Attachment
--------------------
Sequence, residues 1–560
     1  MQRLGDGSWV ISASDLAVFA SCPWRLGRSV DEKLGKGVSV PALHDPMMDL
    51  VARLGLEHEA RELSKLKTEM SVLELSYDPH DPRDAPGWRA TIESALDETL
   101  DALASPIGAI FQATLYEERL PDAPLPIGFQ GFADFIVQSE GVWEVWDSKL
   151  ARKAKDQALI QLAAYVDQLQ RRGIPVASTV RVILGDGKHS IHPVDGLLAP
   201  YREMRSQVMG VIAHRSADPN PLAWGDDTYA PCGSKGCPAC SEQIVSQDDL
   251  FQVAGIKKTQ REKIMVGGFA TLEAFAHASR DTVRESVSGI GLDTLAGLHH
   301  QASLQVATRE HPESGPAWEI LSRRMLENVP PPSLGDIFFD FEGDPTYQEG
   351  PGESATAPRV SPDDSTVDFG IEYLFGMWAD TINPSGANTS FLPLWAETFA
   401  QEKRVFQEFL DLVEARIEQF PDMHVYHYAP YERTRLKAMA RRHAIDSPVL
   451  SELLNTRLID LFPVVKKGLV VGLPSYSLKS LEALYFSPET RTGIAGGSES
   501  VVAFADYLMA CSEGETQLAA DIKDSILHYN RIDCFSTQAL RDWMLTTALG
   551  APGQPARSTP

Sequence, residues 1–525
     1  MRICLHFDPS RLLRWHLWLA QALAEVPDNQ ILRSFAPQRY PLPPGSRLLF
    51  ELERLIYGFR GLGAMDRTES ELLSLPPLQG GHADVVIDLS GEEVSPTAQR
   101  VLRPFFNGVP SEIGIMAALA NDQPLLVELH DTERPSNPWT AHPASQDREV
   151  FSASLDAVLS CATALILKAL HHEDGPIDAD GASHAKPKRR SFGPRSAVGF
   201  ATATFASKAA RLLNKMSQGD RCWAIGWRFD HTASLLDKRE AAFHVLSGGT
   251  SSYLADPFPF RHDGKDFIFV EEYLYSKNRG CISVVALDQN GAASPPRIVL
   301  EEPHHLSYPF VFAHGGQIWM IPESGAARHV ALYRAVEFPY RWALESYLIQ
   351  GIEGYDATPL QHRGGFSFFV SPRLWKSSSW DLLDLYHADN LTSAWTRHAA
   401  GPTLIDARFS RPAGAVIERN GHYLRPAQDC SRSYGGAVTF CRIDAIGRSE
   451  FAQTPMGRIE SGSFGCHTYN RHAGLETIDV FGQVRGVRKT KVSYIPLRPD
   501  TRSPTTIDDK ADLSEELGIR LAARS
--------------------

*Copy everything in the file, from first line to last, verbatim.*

Sequence, residues 1–560
     1  MQRLGDGSWV ISASDLAVFA SCPWRLGRSV DEKLGKGVSV PALHDPMMDL
    51  VARLGLEHEA RELSKLKTEM SVLELSYDPH DPRDAPGWRA TIESALDETL
   101  DALASPIGAI FQATLYEERL PDAPLPIGFQ GFADFIVQSE GVWEVWDSKL
   151  ARKAKDQALI QLAAYVDQLQ RRGIPVASTV RVILGDGKHS IHPVDGLLAP
   201  YREMRSQVMG VIAHRSADPN PLAWGDDTYA PCGSKGCPAC SEQIVSQDDL
   251  FQVAGIKKTQ REKIMVGGFA TLEAFAHASR DTVRESVSGI GLDTLAGLHH
   301  QASLQVATRE HPESGPAWEI LSRRMLENVP PPSLGDIFFD FEGDPTYQEG
   351  PGESATAPRV SPDDSTVDFG IEYLFGMWAD TINPSGANTS FLPLWAETFA
   401  QEKRVFQEFL DLVEARIEQF PDMHVYHYAP YERTRLKAMA RRHAIDSPVL
   451  SELLNTRLID LFPVVKKGLV VGLPSYSLKS LEALYFSPET RTGIAGGSES
   501  VVAFADYLMA CSEGETQLAA DIKDSILHYN RIDCFSTQAL RDWMLTTALG
   551  APGQPARSTP

Sequence, residues 1–525
     1  MRICLHFDPS RLLRWHLWLA QALAEVPDNQ ILRSFAPQRY PLPPGSRLLF
    51  ELERLIYGFR GLGAMDRTES ELLSLPPLQG GHADVVIDLS GEEVSPTAQR
   101  VLRPFFNGVP SEIGIMAALA NDQPLLVELH DTERPSNPWT AHPASQDREV
   151  FSASLDAVLS CATALILKAL HHEDGPIDAD GASHAKPKRR SFGPRSAVGF
   201  ATATFASKAA RLLNKMSQGD RCWAIGWRFD HTASLLDKRE AAFHVLSGGT
   251  SSYLADPFPF RHDGKDFIFV EEYLYSKNRG CISVVALDQN GAASPPRIVL
   301  EEPHHLSYPF VFAHGGQIWM IPESGAARHV ALYRAVEFPY RWALESYLIQ
   351  GIEGYDATPL QHRGGFSFFV SPRLWKSSSW DLLDLYHADN LTSAWTRHAA
   401  GPTLIDARFS RPAGAVIERN GHYLRPAQDC SRSYGGAVTF CRIDAIGRSE
   451  FAQTPMGRIE SGSFGCHTYN RHAGLETIDV FGQVRGVRKT KVSYIPLRPD
   501  TRSPTTIDDK ADLSEELGIR LAARS